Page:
Biochemistry faculty profile – Professor Richard Amasino

Rick Amasino Headshot
Professor Richard Amasino.

Please tell us a little about yourself. Where did you grow up? Where did you go to school?

I was born and grew up in small town about 25 miles east of Pittsburgh, Pennsylvania. I attended the local Catholic grade school and high school, then went to Penn State for undergraduate studies. I did my Ph.D. work at Indiana University in Bloomington and then did a postdoc at the University of Washington in Seattle.

As a child, who was your biggest influence?

Reading was a bigger influence than any one person, but the nuns who taught grade school were great science teachers and I appreciated Sister Helen Marie letting me know when I was quite young that she also thought the process of evolution was the best explanation for the diversity of life on earth.

Why did you decide to study science?

For as far back as I can remember, I have been intrigued by how living things operate. My earliest childhood memories are of growing plants and collecting insects, spiders, worms, crustaceans, and snakes to observe for a while before releasing them.

Why did you come to Madison? When?

I came to Madison in the fall of 1985. I accepted the UW offer over several others because of the colleagues I would have here. Also, in the basement of a Biochemistry building (which has since been demolished) there was a suite of plant growth chambers that were essential for my research program. However, the plant growth chambers had not been used for many years, and when I arrived and put in a work order to get them running, I learned they were beyond repair. It took well over a year to get that facility back up and running, but in the interim we explored some different directions that turned out to be interesting as well.

What do you like most about being a professor?

The privileges of being able to teach, and to explore how life works.

What is the focus of your research?

Most recently, to understand the biochemical mechanisms that plants have evolved to flower at a particular time of the year. Specifically, we have focused on how the seasonal cues of changing daylength and exposure to winter cold are perceived and translated into the developmental response of flowering.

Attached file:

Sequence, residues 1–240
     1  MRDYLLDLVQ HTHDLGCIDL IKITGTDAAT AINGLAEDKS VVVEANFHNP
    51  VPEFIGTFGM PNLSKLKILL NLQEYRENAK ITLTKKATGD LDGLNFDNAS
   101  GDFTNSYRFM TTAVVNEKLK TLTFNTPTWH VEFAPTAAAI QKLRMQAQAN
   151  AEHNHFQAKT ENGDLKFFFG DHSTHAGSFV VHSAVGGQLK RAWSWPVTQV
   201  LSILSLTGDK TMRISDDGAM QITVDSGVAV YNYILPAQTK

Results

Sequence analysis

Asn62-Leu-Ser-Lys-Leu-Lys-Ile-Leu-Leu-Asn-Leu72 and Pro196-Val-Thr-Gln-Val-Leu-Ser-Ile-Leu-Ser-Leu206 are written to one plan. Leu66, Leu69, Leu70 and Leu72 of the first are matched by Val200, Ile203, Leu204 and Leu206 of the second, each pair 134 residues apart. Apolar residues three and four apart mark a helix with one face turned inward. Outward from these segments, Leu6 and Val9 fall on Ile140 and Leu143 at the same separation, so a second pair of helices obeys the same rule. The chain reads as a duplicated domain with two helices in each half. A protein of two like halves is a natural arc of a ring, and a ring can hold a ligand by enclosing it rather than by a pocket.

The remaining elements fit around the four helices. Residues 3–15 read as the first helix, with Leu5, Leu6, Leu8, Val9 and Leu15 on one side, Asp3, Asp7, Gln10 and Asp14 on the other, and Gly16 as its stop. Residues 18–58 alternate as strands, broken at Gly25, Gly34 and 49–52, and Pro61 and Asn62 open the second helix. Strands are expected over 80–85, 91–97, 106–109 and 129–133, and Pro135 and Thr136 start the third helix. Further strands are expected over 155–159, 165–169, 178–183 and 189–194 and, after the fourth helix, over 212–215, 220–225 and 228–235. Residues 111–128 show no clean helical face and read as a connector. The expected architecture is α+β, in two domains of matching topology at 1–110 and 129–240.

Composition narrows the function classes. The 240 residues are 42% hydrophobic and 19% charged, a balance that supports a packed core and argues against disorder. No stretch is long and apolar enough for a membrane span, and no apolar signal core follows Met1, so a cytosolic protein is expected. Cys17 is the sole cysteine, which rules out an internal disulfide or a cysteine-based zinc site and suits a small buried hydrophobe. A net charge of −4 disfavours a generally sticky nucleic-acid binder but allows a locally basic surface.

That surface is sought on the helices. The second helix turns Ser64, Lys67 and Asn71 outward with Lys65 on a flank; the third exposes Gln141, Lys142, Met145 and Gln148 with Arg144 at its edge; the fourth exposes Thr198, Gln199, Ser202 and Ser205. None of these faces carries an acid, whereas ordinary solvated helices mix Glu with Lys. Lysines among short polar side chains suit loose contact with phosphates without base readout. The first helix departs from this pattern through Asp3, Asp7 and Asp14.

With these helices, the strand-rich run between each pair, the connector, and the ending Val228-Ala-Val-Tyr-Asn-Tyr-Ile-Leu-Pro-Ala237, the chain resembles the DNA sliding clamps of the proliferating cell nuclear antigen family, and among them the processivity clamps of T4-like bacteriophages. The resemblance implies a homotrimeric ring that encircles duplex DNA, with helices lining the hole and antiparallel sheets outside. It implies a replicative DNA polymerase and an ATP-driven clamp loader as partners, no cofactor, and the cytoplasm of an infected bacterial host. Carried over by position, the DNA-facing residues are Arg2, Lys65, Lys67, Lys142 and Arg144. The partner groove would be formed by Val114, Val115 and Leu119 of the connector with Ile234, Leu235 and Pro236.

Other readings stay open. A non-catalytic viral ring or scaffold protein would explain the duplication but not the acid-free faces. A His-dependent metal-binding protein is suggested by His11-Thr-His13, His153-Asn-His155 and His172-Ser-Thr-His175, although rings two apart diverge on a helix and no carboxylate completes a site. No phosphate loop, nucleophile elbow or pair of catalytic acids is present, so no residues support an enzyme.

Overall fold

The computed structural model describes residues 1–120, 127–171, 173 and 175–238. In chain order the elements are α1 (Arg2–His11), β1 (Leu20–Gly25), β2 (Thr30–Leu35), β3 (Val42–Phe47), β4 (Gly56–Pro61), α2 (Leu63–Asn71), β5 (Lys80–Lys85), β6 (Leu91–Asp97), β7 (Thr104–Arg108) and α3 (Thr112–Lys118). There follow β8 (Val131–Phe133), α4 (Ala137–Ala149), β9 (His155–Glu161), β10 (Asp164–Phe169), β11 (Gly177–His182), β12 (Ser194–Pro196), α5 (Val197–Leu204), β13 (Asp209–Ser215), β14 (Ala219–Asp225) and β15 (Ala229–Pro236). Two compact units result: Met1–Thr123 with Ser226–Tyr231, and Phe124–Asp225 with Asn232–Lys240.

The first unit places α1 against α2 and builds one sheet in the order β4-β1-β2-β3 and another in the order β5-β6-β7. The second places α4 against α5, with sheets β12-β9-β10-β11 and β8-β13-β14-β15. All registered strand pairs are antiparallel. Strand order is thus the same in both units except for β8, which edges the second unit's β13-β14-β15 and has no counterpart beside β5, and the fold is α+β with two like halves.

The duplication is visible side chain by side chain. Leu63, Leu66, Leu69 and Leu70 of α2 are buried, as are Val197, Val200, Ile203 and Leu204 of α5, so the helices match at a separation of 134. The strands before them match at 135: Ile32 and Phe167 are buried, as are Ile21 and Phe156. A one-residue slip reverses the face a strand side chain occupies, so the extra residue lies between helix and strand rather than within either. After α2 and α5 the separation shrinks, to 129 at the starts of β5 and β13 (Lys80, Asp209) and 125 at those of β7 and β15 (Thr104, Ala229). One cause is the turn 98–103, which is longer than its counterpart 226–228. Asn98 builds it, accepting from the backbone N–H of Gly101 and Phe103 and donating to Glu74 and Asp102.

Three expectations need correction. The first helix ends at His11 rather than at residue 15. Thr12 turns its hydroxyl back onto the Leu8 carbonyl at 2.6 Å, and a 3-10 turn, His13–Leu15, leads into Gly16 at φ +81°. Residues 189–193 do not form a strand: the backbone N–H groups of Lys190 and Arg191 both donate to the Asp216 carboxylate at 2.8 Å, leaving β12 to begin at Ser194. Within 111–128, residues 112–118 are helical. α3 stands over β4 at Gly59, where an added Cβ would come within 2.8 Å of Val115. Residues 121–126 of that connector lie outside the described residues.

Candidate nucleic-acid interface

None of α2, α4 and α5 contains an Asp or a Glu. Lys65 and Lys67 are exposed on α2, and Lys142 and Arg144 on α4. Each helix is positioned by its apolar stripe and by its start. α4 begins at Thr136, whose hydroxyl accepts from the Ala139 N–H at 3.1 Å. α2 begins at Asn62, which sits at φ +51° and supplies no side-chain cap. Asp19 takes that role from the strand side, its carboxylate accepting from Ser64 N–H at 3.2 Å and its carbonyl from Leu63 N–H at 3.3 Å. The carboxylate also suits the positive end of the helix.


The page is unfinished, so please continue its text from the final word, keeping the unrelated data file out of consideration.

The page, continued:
What do you consider your major accomplishments?

When we began our work on flowering, the only thing known at a biochemical level about how perception of seasonal cues lead to flowering was the identity of one light receptor involved in daylength sensing (phytochrome). Starting with genetic screens, we were the first lab to isolate “flowering genes,” and our work on these genes (and that of other labs worldwide) have revealed many of the biochemical details of how plants perceive and respond to changing daylength and exposure to winter cold.

What advice would you provide to a new assistant professor who is just starting his/her career?

Follow your interests and try to be patient.

When you are not working, what do you like to do?

Run, cook, listen to music, and garden.

Favorite Quote:

Considering the range of views on things like climate change, vaccinations, etc., one that is perhaps more appropriate today than when it was first said:

“It ain’t what we don’t know that gets us into trouble, it’s what we know for sure that just ain’t so.” -Unknown

BTW, I have found many versions of this quote attributed to a range of people, and the source and original wording is not clear.

Friends Describe Me:

I don’t know; you will have to ask them.

Fantasy Dinner Guests:

If I could go back in time and with a limit of 10: Cleopatra, Confucius, Galileo Galilei, Charles Dickens, Pierre-Simon Laplace, Charles Darwin, Marie Curie, Benjamin Franklin, Kurt Vonnegut, and a Neandertal family.

Best Advice I Ever Received:

Always maintain a sense of humor.

My Worst Subject In School:

The lowest grade I ever received was in a high school typing course, which was graded on mistake-free words per minute.

If I Weren’t A Professor, I Would:

Be a plant breeder.

In College I Drove:

An old, beat-up Schwinn bicycle.

Favorite Books:

“On the Origin of Species” because it was revolutionary, beautifully written, and a model of effective science communication.

“Dialogue Concerning the Two Chief World Systems” for the same reasons as ‘On the Origin of Species’ and also because of the way humor and satire is used (although Pope Urban VIII did not share my view of the humor and satire).

Everything by Charles Dickens and Kurt Vonnegut.

Favorite City:

The 1984 version of Seattle when I was there as a postdoc. And Madison of course.

Favorite Movies:

Inherit the Wind, Twelve Angry Men, Invasion of the Body Snatchers.

Nobody Knows I:

Worked as a chef in a French restaurant.